“What’s a son to him, compared to his blasted regiment?”
When the young son (Richard Cromwell) of a crusty British colonel (Guy Standing) joins his regiment in India, both his mentor (Gary Cooper) and another new recruit (Franchot Tone) are skeptical of his competence and motives — especially when he falls under the sway of a beautiful, mysterious woman (Kathleen Burke) introduced to him by a local rebel leader (Douglass Dumbrille).
- Akim Tamiroff Films
- Father and Child
- Franchot Tone Films
- Gary Cooper Films
- Henry Hathaway Films
- Historical Drama
Having just reviewed The Charge of the Light Brigade (1936), I thought I would revisit its better known predecessor — this historical adventure (directed by Henry Hathaway, and based in name only on an autobiography by a British cavalry officer) which is likely responsible for bringing the military term “lancer” to modern viewers’ awareness.
The story revolves around ongoing tensions between a career-obsessed colonel (Standing):
who can’t fathom leaving his work behind when he dies, and his quietly ambivalent son (Cromwell).
As with Gunga Din (1939) — also taking place in colonial India — it’s hard to watch a film which so blatantly elevates imperialism; but this is ultimately a relic of its time. As pointed out in TCM’s article:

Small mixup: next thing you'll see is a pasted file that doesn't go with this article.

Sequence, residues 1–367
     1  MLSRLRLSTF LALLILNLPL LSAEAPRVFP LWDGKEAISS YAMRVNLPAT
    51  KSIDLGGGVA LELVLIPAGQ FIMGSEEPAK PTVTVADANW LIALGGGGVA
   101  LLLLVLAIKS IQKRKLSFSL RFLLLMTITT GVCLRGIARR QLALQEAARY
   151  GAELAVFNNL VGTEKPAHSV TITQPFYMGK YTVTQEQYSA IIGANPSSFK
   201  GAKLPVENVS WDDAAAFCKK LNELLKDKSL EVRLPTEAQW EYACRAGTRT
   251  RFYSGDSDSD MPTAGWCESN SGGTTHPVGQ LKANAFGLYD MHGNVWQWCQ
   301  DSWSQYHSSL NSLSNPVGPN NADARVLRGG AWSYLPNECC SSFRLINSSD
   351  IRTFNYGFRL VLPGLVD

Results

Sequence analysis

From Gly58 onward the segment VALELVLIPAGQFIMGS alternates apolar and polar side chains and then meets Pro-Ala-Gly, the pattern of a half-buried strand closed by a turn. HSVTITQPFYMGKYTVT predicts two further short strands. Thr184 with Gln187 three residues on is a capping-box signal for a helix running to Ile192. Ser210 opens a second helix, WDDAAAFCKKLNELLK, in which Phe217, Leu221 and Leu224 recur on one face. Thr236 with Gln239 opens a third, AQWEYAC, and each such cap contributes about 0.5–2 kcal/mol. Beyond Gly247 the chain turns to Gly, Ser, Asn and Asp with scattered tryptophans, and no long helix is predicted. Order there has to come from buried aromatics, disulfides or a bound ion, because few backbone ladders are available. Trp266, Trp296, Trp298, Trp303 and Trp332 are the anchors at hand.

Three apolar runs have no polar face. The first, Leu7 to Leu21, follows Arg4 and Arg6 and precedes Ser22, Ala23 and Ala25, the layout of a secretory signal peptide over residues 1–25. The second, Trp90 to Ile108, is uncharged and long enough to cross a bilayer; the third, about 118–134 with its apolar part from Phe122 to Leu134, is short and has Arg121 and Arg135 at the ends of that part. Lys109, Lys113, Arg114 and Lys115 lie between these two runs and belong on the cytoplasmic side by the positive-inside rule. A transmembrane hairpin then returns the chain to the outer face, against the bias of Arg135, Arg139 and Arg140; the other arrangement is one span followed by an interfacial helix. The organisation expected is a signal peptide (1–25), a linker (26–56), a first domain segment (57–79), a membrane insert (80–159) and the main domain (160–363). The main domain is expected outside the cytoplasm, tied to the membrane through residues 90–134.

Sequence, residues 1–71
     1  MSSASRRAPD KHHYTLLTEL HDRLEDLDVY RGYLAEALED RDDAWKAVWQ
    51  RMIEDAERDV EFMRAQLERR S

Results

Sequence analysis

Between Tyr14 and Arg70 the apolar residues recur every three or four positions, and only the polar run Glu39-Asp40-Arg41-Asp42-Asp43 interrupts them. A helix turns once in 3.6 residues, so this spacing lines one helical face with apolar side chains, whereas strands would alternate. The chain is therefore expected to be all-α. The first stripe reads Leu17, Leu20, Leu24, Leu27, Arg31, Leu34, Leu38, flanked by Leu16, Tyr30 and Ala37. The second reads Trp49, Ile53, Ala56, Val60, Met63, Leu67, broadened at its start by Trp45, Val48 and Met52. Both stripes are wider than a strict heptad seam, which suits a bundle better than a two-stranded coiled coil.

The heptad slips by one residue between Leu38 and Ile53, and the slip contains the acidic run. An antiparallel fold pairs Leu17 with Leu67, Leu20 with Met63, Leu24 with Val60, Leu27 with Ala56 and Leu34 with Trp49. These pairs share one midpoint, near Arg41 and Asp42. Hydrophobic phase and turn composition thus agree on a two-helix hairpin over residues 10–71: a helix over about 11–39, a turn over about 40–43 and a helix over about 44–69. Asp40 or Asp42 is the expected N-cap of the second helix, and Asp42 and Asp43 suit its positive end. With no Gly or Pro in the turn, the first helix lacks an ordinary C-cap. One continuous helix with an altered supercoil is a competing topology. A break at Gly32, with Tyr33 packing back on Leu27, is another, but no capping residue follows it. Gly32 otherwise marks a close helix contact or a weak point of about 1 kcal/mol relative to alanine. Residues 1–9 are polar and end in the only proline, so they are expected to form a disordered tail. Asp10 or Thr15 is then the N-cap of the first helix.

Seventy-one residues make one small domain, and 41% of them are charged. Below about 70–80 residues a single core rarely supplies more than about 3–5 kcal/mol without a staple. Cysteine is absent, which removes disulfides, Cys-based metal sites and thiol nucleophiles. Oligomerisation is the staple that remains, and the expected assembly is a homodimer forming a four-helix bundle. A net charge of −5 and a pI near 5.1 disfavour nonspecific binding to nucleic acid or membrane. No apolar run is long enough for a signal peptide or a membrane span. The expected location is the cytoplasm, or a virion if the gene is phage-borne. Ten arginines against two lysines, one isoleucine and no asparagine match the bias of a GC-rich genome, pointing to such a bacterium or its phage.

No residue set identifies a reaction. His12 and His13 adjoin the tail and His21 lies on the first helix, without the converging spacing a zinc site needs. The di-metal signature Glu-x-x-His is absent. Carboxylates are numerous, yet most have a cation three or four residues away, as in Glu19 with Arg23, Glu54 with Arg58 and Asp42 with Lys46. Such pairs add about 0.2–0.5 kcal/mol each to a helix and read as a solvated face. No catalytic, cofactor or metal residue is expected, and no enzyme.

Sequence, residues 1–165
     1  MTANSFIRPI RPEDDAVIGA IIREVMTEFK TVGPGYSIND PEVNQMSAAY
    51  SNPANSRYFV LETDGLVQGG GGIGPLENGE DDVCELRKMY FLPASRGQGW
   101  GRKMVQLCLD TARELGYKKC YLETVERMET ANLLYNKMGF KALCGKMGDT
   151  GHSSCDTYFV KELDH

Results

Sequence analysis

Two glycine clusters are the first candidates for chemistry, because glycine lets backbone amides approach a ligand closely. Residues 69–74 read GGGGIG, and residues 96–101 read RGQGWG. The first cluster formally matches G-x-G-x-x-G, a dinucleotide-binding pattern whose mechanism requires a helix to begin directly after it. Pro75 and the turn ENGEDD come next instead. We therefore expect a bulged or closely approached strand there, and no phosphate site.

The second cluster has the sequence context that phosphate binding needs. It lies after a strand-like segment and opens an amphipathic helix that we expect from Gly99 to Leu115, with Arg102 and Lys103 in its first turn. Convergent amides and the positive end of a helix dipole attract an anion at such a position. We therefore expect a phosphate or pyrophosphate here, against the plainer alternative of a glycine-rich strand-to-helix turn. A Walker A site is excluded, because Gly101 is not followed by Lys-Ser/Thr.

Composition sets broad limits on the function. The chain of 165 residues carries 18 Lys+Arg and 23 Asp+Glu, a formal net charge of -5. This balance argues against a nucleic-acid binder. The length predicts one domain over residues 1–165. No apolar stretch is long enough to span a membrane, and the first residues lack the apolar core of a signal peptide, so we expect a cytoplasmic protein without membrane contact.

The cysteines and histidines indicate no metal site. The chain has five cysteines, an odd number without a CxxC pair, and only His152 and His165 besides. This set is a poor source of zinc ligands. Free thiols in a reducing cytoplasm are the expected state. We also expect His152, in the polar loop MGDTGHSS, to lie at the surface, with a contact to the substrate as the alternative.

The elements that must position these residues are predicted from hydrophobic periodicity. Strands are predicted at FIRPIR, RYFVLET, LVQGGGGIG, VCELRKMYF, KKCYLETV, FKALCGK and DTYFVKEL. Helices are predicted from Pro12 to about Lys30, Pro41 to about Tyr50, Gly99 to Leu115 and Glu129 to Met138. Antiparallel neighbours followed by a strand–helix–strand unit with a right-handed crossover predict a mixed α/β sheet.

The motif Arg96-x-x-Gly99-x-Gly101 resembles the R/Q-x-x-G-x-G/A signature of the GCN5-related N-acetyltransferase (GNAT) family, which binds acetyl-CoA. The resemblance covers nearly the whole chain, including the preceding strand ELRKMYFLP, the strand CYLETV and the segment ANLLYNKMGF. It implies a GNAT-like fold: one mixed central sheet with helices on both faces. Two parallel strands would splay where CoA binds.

“It seems unlikely… that we’ll ever see the return of British Imperialist action adventures. During the 1930s, tons of movies were made in which handsome British officers lightheartedly slaughtered whatever group of extras was thrown at them, with the enemy sporting decidedly darker skin tones than the nominal heroes.”
With that said, the entire affair is atmospherically filmed; Cooper and Tone are charismatic compatriots-in-arms (check out the freaky snake-“charming” scene):
… and the finale is excitingly staged.
Note: This film is also distinctive as “one of only two pictures in which Cooper wears a mustache” (!).
Redeeming Qualities and Moments:
- Gary Cooper and Franchot Tone as Lts. McGregor and Forsythe
- Atmospheric cinematography
No, but it’s worth a one-time look for its historical relevance.
2 thoughts on “Lives of a Bengal Lancer, The (1935)”
Agreed; not must-see. However, for those whose interest in it may be simply as a piece of filmmaking… it’s solid work – well-directed and acted (with the weighty Cooper / Tone dynamic a strong one), and it’s effectively photographed. And, yes, the scene with the snake is a standout.
I took particular note of Tone’s performance this time. I’ve wondered why, in general, I’ve rarely paid much attention to him – but, as it turns out, that’s partially because the latter part of his career (say, the last 20 years) was mainly spent in television; appearing in the kinds of programs that I didn’t normally watch. However, earlier on, he proved to be the kind of actor who – though seemingly not of wide range – was not exactly one-note. He had the kind of persona that could turn in a good performance as long as he was properly cast. My best guess is that he turned more to tv as the means to finding more challenging roles (so that he would be type-cast less often).
Funny you mention that about Tone, because I’ve watched him in a number of early films recently, and been taken with his performances — more so than I thought I would. Like you, I’m pleasantly surprised by his range and a little sheepish I was unaware of his skill.